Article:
I had been extremely worried and upset about possible permanent cognitive damage that may have resulted from the sepsis (getting very upset about a lot of things was probably one of the effects too). As recently as 1 to 2 weeks ago, I just felt so dumb. I knew I had come a long ways from being easily distracted and aphasic, but I was still having difficulty absorbing information and just generally not my usual sharp self. I was getting constant headaches from tensing my head muscles hard all the time, trying to comprehend concepts that are not usually difficult to me. I had difficulty writing up thoughtful and clear analyses for work; my memory was still impaired. There were a few times where I would be staring at my computer screens and start crying. It was hard to feel like I could not tell anyone at work about all this. I felt like tasks were taking longer than they should, and this affects the project budget. “Ummm, could I bill part of my time to Temp Project – Stupid from Sepsis?” Fortunately, my work space is quite private, so I could wipe away the tears without anyone noticing.
My handwriting had morphed from its usual small, fairly neat font to highly slanted, large, messy handwriting, which scared the shit out of me. If I concentrated really hard and wrote slowly, I could write close to my normal handwriting, but it was not natural. It made me think of the stories you hear of stroke victims speaking a foreign language post-stroke. My parallel parking skills had totally gone to shit and I was now either bumping the curb in parking spaces as big as a boat, or having to pole vault from the car to the side-walk because I had parked so far away (and totally not parallel) with the curb. I was petrified that dendrites had just been decimated, that I would not be able to get back to my “normal” self.
I decided I needed to make a concerted effort in neural regeneration. For example, by concentrating on writing how I used to until it became natural again, and taking as many opportunities as I could to parallel park. It seems like the effort, and just time perhaps, has paid off and I think I am back to my whip-smart self again :p I have to say though, the idea of losing even bits of ones cognitive abilities and personality was one of the most upsetting things I have felt in recent memory (ha, but since my memory isn’t as good, this must cover a very short time-period. Yes, I can still make un-amusing quips :))
I have certainly noticed progress physically, as has my partner. I think a certain activation energy needed to be overcome before I could put on muscle as easily as I usually do again. I am pushing/pulling considerably heavier weights than even just a fortnight ago. My shoulders are no longer bony; my biceps are approaching their usual Popeye size; my back muscles are bigger. I have basically added on a significant amount of muscle-mass. Obviously, a lot of hard work has gone and continues to go towards this. But it is slightly gratifying (and at the very least reassuring) to see the effort paying off. The question is, am I progressing quickly enough to put on a good show of things at the World Championships in September? August is going to be very condensed, training-wise, which is far from ideal. I will not be able to do proper periodization, and will have to smush a lot of things e.g. strength-power-endurance all together.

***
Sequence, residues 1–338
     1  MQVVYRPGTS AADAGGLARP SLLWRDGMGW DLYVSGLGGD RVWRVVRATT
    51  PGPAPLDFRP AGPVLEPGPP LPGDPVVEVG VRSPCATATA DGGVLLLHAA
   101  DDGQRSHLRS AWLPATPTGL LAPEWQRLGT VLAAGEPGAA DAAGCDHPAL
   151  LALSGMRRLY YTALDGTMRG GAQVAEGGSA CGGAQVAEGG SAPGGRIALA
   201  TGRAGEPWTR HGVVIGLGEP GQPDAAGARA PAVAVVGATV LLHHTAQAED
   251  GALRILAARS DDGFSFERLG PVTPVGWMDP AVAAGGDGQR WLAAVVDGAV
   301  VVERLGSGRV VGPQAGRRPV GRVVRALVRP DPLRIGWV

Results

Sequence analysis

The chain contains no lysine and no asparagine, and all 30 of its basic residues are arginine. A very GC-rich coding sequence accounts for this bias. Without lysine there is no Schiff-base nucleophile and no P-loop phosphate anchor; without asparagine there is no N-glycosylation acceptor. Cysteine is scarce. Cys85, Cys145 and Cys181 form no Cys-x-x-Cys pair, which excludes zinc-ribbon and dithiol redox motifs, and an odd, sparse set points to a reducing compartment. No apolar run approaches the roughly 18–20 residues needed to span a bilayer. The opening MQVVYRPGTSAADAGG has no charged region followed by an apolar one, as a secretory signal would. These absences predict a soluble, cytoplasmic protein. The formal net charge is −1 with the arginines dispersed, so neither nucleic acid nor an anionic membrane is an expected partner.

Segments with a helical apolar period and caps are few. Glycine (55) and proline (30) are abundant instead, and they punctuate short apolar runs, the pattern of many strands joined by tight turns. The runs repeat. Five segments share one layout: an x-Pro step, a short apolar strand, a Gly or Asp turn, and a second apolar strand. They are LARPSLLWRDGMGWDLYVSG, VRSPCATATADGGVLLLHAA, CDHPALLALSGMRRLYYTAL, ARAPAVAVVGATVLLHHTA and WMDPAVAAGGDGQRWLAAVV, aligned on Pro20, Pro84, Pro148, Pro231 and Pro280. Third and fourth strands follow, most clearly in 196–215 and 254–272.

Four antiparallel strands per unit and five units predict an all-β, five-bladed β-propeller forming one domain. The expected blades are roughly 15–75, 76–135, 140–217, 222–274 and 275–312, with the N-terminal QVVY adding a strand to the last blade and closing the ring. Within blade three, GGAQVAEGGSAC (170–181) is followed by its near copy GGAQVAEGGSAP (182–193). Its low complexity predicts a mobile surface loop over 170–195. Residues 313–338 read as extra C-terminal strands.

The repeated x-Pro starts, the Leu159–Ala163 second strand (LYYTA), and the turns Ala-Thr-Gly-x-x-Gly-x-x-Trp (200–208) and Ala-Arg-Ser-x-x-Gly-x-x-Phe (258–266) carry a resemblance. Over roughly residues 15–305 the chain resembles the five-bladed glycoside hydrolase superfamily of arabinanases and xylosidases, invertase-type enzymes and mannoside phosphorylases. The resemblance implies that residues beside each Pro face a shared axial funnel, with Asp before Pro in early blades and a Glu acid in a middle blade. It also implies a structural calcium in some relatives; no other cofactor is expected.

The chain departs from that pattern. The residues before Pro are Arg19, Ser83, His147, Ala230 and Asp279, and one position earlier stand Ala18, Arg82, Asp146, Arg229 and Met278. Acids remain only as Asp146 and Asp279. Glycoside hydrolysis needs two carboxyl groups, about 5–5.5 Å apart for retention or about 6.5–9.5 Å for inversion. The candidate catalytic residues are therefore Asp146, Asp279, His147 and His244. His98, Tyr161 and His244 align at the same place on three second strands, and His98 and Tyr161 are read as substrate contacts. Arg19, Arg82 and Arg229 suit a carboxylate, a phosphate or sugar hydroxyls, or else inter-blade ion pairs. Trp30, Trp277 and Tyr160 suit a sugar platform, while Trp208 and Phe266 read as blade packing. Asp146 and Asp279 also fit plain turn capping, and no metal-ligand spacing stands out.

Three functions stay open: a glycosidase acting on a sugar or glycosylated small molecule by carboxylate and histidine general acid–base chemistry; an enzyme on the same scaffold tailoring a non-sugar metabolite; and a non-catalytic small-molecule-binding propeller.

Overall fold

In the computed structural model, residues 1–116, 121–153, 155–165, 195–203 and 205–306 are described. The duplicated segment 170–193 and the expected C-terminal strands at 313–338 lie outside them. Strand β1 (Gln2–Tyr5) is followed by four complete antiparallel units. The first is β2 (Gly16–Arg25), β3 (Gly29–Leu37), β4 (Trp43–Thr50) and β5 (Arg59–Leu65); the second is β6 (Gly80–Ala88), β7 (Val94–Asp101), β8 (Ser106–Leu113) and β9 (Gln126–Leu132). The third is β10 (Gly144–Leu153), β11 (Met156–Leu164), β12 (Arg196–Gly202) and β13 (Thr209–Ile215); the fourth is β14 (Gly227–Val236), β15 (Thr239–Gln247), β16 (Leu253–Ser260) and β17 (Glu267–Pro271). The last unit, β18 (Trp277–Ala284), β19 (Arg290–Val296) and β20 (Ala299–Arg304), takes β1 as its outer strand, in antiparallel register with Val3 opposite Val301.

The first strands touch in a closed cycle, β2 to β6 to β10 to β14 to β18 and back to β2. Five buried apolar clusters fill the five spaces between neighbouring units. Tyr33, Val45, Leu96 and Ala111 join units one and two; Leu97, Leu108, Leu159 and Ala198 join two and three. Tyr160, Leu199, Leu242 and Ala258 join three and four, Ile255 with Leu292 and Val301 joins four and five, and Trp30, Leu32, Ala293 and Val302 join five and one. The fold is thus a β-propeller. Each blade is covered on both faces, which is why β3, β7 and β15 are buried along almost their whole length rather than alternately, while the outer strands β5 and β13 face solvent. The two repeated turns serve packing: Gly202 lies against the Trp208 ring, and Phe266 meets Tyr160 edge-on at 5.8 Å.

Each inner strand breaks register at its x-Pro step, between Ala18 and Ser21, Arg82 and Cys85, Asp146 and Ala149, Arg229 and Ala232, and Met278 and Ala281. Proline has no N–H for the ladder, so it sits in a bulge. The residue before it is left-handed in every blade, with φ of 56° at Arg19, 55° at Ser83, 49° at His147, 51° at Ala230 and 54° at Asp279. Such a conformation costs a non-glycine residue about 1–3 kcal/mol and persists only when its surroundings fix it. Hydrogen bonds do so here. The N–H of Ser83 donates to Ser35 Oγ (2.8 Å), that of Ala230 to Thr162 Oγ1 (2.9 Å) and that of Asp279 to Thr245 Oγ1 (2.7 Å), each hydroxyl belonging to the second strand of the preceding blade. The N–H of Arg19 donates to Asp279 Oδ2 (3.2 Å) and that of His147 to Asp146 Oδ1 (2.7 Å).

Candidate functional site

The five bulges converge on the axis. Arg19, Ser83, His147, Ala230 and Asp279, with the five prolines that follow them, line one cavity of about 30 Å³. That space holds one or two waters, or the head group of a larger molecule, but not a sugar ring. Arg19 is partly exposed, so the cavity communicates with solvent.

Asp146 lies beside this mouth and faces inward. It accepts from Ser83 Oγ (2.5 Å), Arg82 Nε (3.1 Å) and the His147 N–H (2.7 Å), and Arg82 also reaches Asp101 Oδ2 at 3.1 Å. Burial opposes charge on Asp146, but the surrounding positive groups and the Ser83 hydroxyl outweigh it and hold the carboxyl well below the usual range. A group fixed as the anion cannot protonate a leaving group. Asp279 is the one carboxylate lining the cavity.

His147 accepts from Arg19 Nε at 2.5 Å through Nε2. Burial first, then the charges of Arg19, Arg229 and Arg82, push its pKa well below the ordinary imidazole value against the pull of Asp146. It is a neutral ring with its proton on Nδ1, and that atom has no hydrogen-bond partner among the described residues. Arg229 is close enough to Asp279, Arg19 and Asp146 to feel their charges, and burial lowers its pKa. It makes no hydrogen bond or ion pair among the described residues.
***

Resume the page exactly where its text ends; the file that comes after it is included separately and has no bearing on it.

A very very small part of me does think it would have been nice for me to have defended my US National Paraclimbing Champion title for the third year running. However, I knew that I would not be well prepared for this competition, but did stand a good shot of being decently prepared for September’s competition. More importantly though, I knew that I would benefit much more from continuing with my training versus having to take time to travel to and take part in this past weekend’s competition. I am fortunate to have received USA Climbing’s blessing for me to be on the US Team in September despite not competing yesterday, based on my very strong track-record and this freak health thing that appeared out of nowhere.
I am going to continue doing the best I can to prepare for Paris, while also reminding myself to enjoy the experience no matter how well (by my standards) I climb. My partner noted this morning that I “clearly did not have the killer instinct,” in response to me saying something like how I was not interested in competing if my competition was not strong. It was hard not to feel a bit dismayed about this, as if this was a failing of mine. His point was, if I did have this highly competitive instinct, I would show no dismay whatsoever in taking advantage of a weak field, or a rival’s off-day etc. But I have to acknowledge that Scott’s assessment is indeed true. I do not possess this trait, and never have. It is why I know free-skiing is what nourishes me versus hurtling down ice, around gates, in spandex so that I could beat other people. It has always been about pushing myself as far as I can, and being disappointed when injuries/circumstances/whatever prevented that. Sure, one can think about pushing oneself locally (i.e. against a current situation) versus globally. But for some reason, I have a difficult time with the former. Thus it will, and does, take a very conscious effort to remind myself that I went from almost dying in June, to competing at a World Championship.
I think it is essential to have purpose (which is a major reasons why I have been struggling with life the last while). But I am only just learning that maybe muddling ahead, putting one foot in front of the other slowly and unassured, is not incompatible with intention and objective. This seems to describe the lives of the overwhelming majority of Earth’s population, who by just “continuing on” show tremendous courage.